Brandon Nelson has an intriguing blog aimed at composers that we all should subscribe to. The article I would like to direct you to is his recently (5-18-14) published “Filling the Gap: Teaching Young Composers How to Earn a Living.” This article should be downloaded into the brain of every freshman composition major on the first day of school. It’s a brief article, but loaded with common sense. He succinctly touches on Commissions (Networking. Networking. Networking.), Self-Publishing, Commercial Publishing, Contests (check out The Composer’s Site), Recording Sales, Grants, and Scoring for Film/TV/Stage (not much in this category – he admits to having no experience here).
A lot of great information and advice in a small space. Read it today!
A MOOC is a Massive Open Online Course – a gigantic development in (free) distance education. MOOC courses are often oriented toward science and not so much toward music, but there are interesting offerings out there, even some of interest to composers.
It’s not that I’m so smart, it’s just that I stay with problems longer. –Albert Einstein
Every education system on earth has the same hierarchy. Arts are on the bottom. In the arts, music is at the top, dance is at the bottom. As they grow up, we educate them from the waist up. Who are the winners of public education? The purpose seem to be to produce university professors. Typically, they live in their heads. They look on their body as a form of transport for their heads. A way of getting their head to meetings. All educational systems are geared for industrial employment. Don’t do music, you can’t get a job in it. Lots of people think they’re not talented because the thing they’re good in wasn’t valued in school. So many people are graduating from school, degrees are not worth anything. Academic inflation. Intelligence comes in many forms. It is dynamic, interactive, distinct. Creativity comes through connecting diverse disciplines. – Sir Ken Robinson
Without creativity we have no art, no literature, no science, no innovation, no problem solving, no progress. – A.J. Starko, Creativity in the Classroom
I just discovered a new web site – Composer Focus – that looks fairly new – not a great deal of content yet, but what there is is excellent with the promise of more to come. especially the promise of offering multimedia courses that cover (quote):
Working in TV/Film and Game Music
Very attractive site with excellent offerings. One thing that looks interesting is Articles>Roundup, which are lists of stuff (must be the British term for lists), e.g.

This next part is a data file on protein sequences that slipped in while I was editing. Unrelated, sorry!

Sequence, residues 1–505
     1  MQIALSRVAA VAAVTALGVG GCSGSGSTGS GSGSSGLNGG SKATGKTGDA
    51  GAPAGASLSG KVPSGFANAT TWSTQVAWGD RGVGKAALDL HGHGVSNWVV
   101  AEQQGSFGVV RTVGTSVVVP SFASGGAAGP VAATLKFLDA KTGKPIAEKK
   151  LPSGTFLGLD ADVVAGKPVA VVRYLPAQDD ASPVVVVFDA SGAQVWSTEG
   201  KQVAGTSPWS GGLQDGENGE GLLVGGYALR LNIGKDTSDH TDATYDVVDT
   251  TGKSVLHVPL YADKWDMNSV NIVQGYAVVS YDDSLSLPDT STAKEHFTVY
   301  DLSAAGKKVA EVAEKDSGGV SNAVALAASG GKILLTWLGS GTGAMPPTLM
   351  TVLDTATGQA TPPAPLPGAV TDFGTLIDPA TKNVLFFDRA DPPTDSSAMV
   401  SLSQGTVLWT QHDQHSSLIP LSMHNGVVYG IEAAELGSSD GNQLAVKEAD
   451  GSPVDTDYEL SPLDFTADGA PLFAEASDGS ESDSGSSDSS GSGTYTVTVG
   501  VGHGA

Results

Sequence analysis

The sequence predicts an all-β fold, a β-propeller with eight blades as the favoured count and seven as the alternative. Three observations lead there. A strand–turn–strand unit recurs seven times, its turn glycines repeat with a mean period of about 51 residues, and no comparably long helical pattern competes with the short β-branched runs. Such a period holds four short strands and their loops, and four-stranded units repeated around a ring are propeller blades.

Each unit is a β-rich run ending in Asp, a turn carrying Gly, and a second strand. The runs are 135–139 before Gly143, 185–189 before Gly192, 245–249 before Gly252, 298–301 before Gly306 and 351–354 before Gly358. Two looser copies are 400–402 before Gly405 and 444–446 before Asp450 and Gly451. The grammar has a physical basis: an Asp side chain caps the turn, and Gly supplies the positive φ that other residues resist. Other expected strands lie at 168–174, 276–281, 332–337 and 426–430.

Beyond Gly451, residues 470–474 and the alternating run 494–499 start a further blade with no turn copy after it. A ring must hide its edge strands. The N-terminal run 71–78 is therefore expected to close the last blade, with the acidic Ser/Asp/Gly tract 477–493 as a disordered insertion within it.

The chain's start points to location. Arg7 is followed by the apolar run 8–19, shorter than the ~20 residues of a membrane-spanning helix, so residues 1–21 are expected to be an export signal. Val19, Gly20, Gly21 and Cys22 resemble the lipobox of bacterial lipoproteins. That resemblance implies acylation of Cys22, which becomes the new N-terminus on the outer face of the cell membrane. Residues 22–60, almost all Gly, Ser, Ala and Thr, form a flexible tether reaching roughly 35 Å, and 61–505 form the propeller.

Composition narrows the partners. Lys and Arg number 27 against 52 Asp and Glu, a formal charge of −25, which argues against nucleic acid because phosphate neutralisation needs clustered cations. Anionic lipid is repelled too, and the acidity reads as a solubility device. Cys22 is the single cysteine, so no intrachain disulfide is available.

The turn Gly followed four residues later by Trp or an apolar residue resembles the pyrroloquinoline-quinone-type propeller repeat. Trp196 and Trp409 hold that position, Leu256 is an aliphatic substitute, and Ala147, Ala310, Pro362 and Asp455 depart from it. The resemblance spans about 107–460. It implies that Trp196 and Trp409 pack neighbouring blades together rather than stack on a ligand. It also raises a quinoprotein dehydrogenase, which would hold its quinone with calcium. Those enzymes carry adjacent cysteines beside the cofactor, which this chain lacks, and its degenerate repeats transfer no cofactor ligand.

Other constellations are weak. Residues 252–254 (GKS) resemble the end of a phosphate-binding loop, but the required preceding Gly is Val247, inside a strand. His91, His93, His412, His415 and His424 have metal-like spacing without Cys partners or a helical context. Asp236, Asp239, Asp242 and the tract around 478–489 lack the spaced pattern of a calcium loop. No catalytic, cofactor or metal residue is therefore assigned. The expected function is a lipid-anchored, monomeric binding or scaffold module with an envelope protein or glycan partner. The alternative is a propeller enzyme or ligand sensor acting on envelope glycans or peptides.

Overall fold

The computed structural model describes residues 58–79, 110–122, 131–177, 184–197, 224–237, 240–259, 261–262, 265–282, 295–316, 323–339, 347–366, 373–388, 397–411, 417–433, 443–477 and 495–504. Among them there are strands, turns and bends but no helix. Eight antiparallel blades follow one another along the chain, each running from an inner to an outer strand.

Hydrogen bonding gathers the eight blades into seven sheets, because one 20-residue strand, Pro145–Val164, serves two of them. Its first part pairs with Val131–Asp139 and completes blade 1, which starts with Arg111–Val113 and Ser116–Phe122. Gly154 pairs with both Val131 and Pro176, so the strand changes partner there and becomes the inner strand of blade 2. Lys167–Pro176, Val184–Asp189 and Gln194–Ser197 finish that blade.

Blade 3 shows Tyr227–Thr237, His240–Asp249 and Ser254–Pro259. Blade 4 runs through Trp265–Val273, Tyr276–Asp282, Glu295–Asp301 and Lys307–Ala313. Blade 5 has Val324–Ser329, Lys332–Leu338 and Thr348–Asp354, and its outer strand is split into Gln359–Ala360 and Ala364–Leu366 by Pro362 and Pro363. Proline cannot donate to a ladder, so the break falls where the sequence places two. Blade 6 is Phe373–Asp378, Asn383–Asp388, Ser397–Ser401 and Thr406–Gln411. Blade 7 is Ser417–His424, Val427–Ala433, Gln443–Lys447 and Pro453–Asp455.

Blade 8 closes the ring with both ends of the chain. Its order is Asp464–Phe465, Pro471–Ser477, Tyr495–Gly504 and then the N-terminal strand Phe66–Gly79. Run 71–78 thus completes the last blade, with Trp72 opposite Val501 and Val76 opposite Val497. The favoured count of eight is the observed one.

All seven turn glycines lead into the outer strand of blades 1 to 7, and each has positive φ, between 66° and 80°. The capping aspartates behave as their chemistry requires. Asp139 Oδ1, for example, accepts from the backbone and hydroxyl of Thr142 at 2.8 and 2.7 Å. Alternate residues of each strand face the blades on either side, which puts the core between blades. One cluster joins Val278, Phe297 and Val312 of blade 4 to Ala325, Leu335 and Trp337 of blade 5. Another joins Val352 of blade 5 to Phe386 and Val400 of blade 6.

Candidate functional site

5 books to learn how to compose for video games
Top 5 orchestration books
8 unique and unusual sample libraries
Choir sample library roundup
iPad Music App roundup [I can use this for my Creativity in Music semester course]
Check out composer Kevin McLeod’s variegated site Incompetech. He gives away a lot of his music (royalty free), but charges for custom projects. The site also offers (free) graph/grid papers, calendars, and more (including Really Bad Jokes).
I just (re)discovered a terrific composer site – that of Aaron Gervais. It is a wonderful collection of all sorts of stuff, much of it self-promoting (that’s what sites like this are for), but Gervais is also an intelligent and thoughtful writer and he gives us a number of useful short articles on various subjects.
Working for Free: Helpful or Harmful?
Working Weekends Makes You a Worse Composer
A Machiavellian Guide to Becoming a Composer
Why Composers Should Drop Out of University (and What They Should Be Learning) – Parts 1 & 2
(“Education begins where academia ends. You make connections with people, you find a community, you decide what really matters, you find time to do what you love, you find a way to earn a living. You might do some of this while in school, but little or none of it is taught at school. So why don’t more composers just skip straight to the career and not bother with degrees?”)
I like to think of the notated versions of my compositions as beginnings, not ends. I am always happy when performers inject their own visions and imaginations into my music. Composers don’t know everything. If we make performers partners, we will have a lot more varied and interesting performances. Why should a composition be frozen forever in one single version (recordings tend to make us think that there is only one valid version of a piece). The performance below of my Gospel Time for trombone quartet is good evidence of great imagination. There is no singing in my version – it was delightful to see that they dared to transform the first section into a sort of wordless sung hymn. There were more liberties in the middle – with a spontaneous oom pan section – what fun! They also had fun with the ending – more singing; plus a late coda encore. Good for them. I really enjoyed their performance, and clearly, so did the audience
The “International Journal of Contemporary Composition” (IJCC) is an online peer-reviewed open-access journal, dedicated to providing the worldwide musical audience with free access to high-quality works by contemporary music researchers and composers.
“IJCC welcomes submission of unpublished original research articles and modern music composition scores, which are not under review in any other journals.
“IJCC website plays the role of a music producer center. Music producers visit our site in search of contemporary music production.
“IJCC website also allows[listening to] the music online.
“IJCC is published by the International Association for Academic Research”